Election Office Denying New Voters
The Supervisor of Elections Office has been falsely telling newly registered voters with clerical errors involving their drivers licenses that they aren't allowed to vote in the presidential election.
It's some of the first negative fallout from the controversial "No match, no vote" law passed by the Republican Florida Legislature in 2005.
One voter turned away is a freelancer for New Times, Penn Bullock. Bullock is a new Florida resident who beat the October 6 deadline to register -- and he's one of 12,000 new voters in Florida who have been snagged up by the No Match law, which is officially known as the Florida Voter Verification Law. The law requires that the voter's driver license or Social Security number on the registration match up with those on state databases. Democratic activists have complained about the law, saying it is subject to errors of both the clerical and technical kind. Others have said it's downright unconstitutional.
On October 16, Penn received a form letter from SOE Brenda Snipes informing him that her office was unable to verify his D/L.
"To become an active voter you will need to provide this office with a copy of your Florida driver's license," the letter informed him.
This morning, Bullock made a trip to the supervisor's office in the downtown governmental center. There, a clerk told him that since he hadn't fixed the problem by October 6 -- when the books were closed on new registrations -- he couldn't vote in this election.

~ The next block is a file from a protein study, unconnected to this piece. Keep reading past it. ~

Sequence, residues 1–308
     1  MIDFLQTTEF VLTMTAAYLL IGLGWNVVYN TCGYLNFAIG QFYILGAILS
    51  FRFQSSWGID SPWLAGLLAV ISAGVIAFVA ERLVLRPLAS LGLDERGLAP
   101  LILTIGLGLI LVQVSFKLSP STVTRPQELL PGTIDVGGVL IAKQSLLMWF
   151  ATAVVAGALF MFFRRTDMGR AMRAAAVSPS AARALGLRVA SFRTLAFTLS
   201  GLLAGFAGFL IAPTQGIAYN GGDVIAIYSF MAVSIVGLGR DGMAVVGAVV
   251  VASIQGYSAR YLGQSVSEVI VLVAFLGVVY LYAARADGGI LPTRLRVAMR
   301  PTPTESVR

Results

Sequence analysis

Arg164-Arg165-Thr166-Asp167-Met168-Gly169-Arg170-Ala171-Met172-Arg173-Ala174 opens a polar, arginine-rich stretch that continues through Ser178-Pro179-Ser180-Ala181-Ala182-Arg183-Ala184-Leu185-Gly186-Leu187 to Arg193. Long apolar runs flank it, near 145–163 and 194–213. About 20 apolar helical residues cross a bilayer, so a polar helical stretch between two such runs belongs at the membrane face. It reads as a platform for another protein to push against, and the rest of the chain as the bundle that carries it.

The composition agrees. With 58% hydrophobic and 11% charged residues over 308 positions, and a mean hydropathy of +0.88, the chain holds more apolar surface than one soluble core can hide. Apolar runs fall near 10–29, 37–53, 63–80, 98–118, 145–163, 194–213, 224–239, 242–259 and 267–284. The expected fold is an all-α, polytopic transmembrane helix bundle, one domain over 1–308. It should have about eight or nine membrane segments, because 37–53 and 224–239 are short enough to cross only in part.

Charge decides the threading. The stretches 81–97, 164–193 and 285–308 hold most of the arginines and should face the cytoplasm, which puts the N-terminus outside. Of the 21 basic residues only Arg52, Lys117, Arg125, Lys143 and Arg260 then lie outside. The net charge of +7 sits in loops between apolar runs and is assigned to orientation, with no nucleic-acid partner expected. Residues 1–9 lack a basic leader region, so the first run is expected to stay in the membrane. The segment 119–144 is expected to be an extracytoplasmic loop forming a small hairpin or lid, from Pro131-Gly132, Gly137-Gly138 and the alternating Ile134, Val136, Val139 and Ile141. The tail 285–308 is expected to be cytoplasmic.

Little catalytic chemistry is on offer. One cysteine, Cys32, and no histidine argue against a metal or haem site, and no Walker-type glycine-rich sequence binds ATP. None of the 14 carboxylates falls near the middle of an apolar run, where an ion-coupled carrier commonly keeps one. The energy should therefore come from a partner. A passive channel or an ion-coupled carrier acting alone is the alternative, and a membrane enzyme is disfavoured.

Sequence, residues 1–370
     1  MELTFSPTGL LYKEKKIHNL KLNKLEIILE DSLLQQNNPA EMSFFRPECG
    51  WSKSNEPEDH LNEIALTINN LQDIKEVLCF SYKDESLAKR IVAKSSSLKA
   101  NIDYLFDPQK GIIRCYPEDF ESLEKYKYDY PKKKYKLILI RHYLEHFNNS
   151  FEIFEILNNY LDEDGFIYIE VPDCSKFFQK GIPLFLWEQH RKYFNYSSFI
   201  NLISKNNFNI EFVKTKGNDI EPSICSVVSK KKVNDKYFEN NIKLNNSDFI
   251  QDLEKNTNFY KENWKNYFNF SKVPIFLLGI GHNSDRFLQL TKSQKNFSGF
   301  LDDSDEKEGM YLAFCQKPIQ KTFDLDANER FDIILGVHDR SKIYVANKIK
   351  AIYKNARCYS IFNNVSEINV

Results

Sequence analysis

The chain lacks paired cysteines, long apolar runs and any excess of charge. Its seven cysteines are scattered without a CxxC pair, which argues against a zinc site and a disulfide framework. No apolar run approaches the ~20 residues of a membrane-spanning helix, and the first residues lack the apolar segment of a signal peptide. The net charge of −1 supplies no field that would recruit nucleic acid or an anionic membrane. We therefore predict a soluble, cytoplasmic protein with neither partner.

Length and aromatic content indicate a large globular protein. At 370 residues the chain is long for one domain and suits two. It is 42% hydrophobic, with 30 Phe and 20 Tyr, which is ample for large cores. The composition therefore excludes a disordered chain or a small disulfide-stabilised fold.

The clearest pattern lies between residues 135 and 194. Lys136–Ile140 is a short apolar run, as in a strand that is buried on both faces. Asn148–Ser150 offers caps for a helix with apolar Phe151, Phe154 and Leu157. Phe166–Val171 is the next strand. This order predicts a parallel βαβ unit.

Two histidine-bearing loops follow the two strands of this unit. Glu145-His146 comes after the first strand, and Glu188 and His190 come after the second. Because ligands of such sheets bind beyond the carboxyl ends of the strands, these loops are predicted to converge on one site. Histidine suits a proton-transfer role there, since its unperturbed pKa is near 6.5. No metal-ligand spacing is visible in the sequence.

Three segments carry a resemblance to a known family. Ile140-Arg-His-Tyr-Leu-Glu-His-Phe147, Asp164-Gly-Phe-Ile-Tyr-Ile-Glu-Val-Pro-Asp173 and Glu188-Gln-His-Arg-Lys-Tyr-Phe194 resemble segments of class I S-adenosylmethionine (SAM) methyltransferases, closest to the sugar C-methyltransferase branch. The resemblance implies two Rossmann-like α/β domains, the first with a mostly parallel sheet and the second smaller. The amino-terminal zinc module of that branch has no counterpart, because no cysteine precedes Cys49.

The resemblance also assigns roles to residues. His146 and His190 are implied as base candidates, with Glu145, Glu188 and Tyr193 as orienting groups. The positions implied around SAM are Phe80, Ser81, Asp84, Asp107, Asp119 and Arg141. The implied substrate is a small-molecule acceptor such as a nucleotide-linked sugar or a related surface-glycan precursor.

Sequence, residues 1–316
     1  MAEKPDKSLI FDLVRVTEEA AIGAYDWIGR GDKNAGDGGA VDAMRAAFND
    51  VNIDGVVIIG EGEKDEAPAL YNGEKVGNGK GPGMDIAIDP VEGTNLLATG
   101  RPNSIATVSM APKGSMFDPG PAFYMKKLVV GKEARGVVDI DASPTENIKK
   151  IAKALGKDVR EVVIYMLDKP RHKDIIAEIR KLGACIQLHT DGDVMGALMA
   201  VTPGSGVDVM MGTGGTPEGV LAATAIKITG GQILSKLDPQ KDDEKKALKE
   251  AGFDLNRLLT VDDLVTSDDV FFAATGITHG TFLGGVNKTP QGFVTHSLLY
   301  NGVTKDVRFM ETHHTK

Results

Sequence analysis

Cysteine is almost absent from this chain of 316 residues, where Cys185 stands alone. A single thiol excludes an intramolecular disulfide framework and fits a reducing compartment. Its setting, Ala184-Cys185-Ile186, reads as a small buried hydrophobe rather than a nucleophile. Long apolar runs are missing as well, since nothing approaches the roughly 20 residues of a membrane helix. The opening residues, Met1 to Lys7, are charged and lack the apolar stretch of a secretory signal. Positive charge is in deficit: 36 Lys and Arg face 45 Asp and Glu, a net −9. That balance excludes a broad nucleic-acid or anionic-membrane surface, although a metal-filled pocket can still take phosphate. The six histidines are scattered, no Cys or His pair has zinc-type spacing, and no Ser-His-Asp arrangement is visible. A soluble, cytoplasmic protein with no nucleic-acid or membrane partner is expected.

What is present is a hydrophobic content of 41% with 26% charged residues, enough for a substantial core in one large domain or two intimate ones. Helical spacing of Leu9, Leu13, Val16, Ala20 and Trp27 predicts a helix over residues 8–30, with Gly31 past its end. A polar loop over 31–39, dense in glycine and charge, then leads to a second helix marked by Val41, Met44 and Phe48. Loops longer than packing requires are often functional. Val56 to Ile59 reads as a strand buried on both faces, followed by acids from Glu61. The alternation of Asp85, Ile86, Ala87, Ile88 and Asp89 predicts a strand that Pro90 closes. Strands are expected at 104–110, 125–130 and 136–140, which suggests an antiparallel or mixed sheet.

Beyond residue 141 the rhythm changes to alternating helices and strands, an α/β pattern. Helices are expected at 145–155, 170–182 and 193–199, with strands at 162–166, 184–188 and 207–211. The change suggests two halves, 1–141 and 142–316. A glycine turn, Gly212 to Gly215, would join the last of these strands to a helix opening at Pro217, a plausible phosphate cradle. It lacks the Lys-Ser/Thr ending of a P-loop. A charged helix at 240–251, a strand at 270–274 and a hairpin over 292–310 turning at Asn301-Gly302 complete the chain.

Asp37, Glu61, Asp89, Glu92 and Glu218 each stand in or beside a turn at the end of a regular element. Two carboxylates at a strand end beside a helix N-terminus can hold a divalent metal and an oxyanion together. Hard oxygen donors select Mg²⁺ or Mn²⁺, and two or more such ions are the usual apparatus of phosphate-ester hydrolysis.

He left the office in a dejected fashion, but returned later in the day. I witnessed it this time. A clerk told him that since he was a first-time voter and the October 6 deadline had passed, his unverified registration was "considered null."
Bullock held his ground this time and produced a copy of the letter. The clerk then went to consult with a superior and, voila, he was told the problem had been cleared up and he could vote after all.
About ten minutes later, I questioned another clerk (the one who had originally denied Bullock), telling her I knew a newly registered voter who had a discrepancy in his registration that needed to be cleared up.
"Oh, it's too late to vote in the coming election, the books are closed," she told me. "He can vote in the next election, though."
I asked her how many people she had turned away who were in a similar situation. "I don't know," she said. "But I feel really bad to turn people away. We don't have a choice."
I asked to speak with her supervisor and she brought veteran elections office official Mary Cooney over, who basically denied that anybody had been turned away and tried to persuade me that the problem was caused by a miscommunication of some kind.
Well, there was no miscommunication, not with Bullock and not with me. The clerks were giving out false information -- vote-denying information -- and there's no telling how many people walked out like Bullock believing they'd lost their vote.
One good tip that Cooney gives is that no matter what happens in the supervisor's office, all voters should make their way to the polls, where at the very least they can get a provisional ballot.
It's not ideal -- elections supervisors are worried about getting deluged with provisional ballots -- but it's better than getting the shaft.